Album: Exxiles – Reminiscence
Released: September 20, 2021
Genre: Cinematic Symphonic Progressive Power Metal
Posted by: Lacy Mucklow/Phoenix
Rating: 3.5/5 Stars
Exxiles is a symphonic progressive band with a cinematic flair, founded in 2012 by Mauricio Bustamante in 2012 after he parted ways with Reign of the Architect. A global group with contributing members from many countries, Exxiles released their first album, Oblivion, in 2015. Now, 6 years later, Exxiles is back with returning and new contributors, including Chris Caffery (TSO, Savatage), Derek Sherinian (former Dream Theater, Sons of Apollo), Wilmer Waarbroek (Ayreon), David Akesson (Moonlight Agony), Oddleif Stensland (Communic), and Donna Burke (Metal Gear Series, Silent Hill, Final Fantasy). On their sophomore album, Reminiscence, they offer up 12 tracks for consideration.
Creation opens the album in true cinematic form, with orchestration and sound effects that at first seem playful, but soon reveal themselves to be more ominous. The choral vocals have a Carmina Burana feel to them, and then segue into a Middle Eastern duduk-driven segment that fades out as it prepares for the second track, Last Commun Ancestor. This song begins with more doomy cinematic openers with vocals helmed by David Akesson and Arthanis Calafalas. The metal groove begins after the first verse with the symphonic elements underneath throughout with syncopation growing throughout the track until the end, fading out with synths into Lucy, the third track. David Akesson continues the vocals here, and follows in much the same vein, but drops in the middle of the song to a somber chamber-like moment with low strings and piano only under the vocals, with animal sounds in the background to augment the song’s lyrical content. It builds up again in cinematic fashion both with the metal and symphonic elements, culminating in the first guitar solo of the album just past the halfway point. There is some reprising of former elements of the song as the track progresses in the second half, ending with an interesting juxtaposition of piano and bass only with sounds of running water.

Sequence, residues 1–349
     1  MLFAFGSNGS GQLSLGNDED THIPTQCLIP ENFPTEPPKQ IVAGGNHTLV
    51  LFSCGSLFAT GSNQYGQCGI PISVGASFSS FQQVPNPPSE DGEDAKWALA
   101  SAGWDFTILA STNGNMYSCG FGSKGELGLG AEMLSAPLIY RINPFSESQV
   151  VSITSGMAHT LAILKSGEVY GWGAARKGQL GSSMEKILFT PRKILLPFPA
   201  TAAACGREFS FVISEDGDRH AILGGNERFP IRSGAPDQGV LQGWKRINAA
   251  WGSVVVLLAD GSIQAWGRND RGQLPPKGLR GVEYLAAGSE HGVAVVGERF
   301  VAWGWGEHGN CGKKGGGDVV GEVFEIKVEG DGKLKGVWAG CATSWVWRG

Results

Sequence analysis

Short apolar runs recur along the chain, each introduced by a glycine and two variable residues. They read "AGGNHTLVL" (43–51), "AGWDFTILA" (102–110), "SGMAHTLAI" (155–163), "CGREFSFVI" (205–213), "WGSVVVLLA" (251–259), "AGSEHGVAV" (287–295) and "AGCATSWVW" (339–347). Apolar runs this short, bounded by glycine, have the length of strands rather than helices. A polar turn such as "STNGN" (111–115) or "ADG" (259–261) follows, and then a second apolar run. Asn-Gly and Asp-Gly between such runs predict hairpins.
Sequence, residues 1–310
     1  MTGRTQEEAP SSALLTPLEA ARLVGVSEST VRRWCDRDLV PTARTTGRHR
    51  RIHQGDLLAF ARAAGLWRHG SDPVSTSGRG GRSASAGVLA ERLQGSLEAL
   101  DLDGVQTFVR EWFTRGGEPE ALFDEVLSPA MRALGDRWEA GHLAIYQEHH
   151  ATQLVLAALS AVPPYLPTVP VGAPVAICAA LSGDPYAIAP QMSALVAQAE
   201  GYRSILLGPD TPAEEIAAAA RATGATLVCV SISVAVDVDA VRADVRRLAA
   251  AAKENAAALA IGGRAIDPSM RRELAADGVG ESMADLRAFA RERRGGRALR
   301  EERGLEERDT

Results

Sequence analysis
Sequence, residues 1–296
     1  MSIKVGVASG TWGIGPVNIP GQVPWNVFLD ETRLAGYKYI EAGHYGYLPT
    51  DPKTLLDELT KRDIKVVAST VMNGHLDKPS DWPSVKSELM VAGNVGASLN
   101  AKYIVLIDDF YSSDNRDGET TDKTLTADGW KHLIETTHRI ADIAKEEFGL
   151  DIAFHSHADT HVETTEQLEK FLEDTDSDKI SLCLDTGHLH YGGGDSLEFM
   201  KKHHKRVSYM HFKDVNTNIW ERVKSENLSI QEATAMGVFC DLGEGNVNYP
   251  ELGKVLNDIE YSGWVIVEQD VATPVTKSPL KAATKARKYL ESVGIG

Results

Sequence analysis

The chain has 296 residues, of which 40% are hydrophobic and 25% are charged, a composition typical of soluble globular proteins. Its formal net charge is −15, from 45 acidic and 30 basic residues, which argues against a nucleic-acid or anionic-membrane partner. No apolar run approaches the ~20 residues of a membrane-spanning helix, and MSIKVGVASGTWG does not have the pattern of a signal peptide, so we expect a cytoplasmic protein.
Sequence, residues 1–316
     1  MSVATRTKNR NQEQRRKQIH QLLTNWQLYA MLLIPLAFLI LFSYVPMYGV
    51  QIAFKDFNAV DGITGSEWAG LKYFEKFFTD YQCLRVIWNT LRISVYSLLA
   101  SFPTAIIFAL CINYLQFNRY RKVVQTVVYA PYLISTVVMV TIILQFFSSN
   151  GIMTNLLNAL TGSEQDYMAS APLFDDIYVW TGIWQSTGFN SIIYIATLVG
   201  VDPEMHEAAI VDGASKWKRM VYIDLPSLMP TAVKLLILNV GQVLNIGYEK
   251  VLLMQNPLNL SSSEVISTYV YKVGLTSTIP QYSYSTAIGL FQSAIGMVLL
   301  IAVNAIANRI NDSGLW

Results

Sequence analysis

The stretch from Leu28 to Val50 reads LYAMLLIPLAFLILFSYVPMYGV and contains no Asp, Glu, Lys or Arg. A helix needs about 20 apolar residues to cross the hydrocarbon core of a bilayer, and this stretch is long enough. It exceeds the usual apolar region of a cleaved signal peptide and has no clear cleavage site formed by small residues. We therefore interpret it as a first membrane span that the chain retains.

Alone, the fourth track, starts solemnly with a piano alone. Soon, vocalist Arthanis Calafalas enters ethereally on this music box-type ballad that changes the ambiance of the album. This short, three-and-a-half-minute song has a mixture of synths, strings, and vocals with a melancholy, dirge-like feel that reflects the theme of the title, ending with spoken word. David Akesson returns on vocals on the next couple of tracks. The fifth track, entitled Giordano Bruno, begins with the sound of horsehooves trotting with an orchestral cinematic underpinning, until about a minute and a half into the song, when it shifts into overdrive, increasing tempo, intensity, and bass-driven metal accompaniment with a solid groove that continues in kind for another 4-5 minutes, ending with the sound of fire and a crowd, illustrating the burning at the stake of the Italian friar and philosopher by the Inquisition for heresy. In Some Place, the sixth track, begins forlornly with solo piano and later, vocals enter to continue the melancholic mood of this stark four-minute song.